The Colorado mountains in the mid-late 1800’s to early 1900’s were full of thriving towns built as a result of mining booms. Many of the 1500 former mining towns were abandoned shortly after the mining in the area was completed leaving their rickety old buildings to form what we call today, ghost towns.

There are ~600 ghost towns in some shape or form in Colorado today. During winter, the snow cuts many of these towns off, so during the summer, plan a road trip to visit these four Colorado ghost towns.


Carson was a gold and silver haven in the 1890’s but never had a massive influx of miners. It wasn’t for the faint hearted, perched 12,000 feet above sea level making it near impossible to survive in the winter. At it’s peak there were 400-500 miners in Carson, eventually all leaving when the winters became unbearable in the early 1900’s.

How to get there: You can access Carson by 4WD from the north or via the walking/horse riding trail from the south.


Ashcroft, formerly known as Castle Forks City then Chloride has had a volatile history. Founded in 1880 the development was fast with an impressive amount of silver per ounce being mined helping create a town population of 3,500 people by 1885. That quickly changed when the deposits were found to be shallow and by the time the new century came around only a handful of residents were left. With the last official resident passing away in 1939, Ashcroft became a ghost town and thanks to the preservation of a few, was listed on the National Register of Historic Places in 1975.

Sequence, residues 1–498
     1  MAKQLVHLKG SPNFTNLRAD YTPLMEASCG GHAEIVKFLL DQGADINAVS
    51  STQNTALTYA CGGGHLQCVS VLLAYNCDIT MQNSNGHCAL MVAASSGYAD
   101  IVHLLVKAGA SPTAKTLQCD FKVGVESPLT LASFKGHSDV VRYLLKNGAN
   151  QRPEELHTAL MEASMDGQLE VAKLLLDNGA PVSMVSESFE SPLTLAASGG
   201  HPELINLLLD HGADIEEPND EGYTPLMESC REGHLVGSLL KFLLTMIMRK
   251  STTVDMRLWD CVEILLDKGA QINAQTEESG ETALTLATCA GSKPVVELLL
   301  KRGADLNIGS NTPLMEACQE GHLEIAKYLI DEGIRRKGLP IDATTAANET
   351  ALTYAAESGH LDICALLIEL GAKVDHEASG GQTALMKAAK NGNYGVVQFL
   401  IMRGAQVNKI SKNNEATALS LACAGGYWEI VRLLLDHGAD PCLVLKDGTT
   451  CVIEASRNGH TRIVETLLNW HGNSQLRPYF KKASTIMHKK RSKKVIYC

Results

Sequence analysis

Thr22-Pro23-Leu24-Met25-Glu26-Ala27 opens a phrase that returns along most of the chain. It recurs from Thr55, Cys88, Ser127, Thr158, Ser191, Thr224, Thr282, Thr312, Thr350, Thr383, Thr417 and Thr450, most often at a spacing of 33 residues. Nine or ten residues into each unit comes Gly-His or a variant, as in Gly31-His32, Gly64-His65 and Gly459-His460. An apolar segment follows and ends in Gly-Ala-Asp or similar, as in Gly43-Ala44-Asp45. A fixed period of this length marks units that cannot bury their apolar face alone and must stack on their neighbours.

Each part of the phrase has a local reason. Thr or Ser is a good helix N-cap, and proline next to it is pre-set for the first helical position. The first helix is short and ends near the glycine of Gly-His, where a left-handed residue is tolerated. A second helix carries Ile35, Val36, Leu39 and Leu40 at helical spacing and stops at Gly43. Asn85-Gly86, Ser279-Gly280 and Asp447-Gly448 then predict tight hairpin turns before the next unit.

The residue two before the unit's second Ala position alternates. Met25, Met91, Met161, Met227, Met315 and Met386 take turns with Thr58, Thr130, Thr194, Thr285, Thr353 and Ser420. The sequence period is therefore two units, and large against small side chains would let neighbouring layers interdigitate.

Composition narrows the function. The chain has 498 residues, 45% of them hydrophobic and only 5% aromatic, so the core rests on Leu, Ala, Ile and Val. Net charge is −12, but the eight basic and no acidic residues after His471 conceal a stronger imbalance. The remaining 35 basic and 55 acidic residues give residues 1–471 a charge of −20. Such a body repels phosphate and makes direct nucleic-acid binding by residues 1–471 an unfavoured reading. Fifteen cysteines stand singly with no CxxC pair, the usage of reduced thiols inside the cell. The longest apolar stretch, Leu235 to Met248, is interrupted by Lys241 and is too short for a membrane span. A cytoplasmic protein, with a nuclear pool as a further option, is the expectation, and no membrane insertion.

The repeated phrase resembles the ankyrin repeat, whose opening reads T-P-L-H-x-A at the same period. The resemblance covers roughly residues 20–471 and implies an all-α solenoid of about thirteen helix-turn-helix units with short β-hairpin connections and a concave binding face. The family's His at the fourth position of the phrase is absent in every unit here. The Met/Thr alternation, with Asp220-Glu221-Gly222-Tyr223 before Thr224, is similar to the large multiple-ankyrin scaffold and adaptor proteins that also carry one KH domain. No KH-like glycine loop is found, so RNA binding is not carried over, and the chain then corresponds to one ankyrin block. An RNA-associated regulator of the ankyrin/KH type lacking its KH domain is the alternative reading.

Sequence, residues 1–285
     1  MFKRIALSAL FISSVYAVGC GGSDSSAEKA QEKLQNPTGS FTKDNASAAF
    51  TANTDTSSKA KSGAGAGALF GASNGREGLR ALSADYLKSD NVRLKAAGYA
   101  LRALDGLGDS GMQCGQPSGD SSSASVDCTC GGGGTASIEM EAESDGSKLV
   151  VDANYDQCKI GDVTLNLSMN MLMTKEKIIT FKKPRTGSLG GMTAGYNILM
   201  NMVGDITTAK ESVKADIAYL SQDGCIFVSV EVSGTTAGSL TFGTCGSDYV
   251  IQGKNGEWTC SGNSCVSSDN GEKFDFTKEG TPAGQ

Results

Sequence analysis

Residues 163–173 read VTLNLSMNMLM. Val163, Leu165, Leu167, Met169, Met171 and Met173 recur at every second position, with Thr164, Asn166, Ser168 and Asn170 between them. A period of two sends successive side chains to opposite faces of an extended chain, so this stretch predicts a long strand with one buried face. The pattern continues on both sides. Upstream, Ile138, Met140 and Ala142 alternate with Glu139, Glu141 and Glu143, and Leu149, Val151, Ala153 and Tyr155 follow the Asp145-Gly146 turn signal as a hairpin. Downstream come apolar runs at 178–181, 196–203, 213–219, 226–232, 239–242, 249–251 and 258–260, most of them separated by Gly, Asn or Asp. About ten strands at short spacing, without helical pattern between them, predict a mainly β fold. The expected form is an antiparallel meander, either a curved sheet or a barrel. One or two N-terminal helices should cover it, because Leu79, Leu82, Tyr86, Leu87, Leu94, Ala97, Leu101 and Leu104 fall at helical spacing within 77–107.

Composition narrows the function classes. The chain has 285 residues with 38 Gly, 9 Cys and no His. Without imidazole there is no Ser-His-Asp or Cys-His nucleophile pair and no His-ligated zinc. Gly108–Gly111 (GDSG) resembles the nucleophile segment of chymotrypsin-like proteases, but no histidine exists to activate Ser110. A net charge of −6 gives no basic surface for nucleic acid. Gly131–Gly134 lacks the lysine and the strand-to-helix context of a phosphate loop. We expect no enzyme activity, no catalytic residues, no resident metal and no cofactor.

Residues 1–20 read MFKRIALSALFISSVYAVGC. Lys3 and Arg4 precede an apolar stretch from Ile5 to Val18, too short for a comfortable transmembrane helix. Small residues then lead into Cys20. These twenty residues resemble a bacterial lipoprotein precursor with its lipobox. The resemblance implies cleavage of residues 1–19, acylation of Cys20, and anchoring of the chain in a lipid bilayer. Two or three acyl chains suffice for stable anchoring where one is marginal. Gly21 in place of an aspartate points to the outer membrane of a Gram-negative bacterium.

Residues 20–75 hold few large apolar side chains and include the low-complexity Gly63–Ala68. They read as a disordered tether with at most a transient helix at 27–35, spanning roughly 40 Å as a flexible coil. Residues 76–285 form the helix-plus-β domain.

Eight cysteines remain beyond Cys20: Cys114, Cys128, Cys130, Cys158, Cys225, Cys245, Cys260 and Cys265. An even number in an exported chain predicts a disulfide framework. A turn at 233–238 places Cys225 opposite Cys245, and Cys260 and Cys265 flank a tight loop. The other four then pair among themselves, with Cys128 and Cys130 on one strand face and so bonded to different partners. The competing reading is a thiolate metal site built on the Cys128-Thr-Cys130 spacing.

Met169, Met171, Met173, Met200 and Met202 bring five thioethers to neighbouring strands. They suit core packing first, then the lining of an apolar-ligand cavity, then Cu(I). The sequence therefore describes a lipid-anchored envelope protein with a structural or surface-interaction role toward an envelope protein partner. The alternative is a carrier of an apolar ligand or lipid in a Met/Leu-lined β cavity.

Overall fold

How to get there: Easily accessed via Castle Creek Road, 10 miles south of Aspen, Colorado.


Named Dearfield as the land was dear to the hearts of the original setllers, the town was originally planned to be an African American colony when Oliver T. Jackson founded the town in 1910. Rather than mining towns above, this town was based on agricultrual and despite a tough time with the weather, they built up to a population of 700 by 1921.

The Great Depression was brutal to Dearfield though and just 12 people lived there in 1940 despite Jack attempted to regenerate interest in the town before passing away in 1948. The only significant building left is the town cafe located on Highway 34 to Fort Morgan before the sign for Masters.


The gold and silver mining town of Nevadaville was booming in the 1870’s with a steady population (mostly Irish) until the gold and silver ran out around the turn of the century. Today, there are still a few residents (technically making it a semi-ghost town) who don’t mind sharing the history of the place but aren’t always willing to chat hours on end. Located at 9,000 feet above sea level and its proximity to Central City make it an easy town to visit where you can find a handful of old grave sites and a few of the buildings well over a century old.

How to get there: It’s easily accessed given it’s one mile from Central City, Colorado.

When you visit the ghost towns, take nothing but photographs and be aware of your surroundings. Some of the buildings will be dangerous, others owned by people or they might be protected by a society (local or State).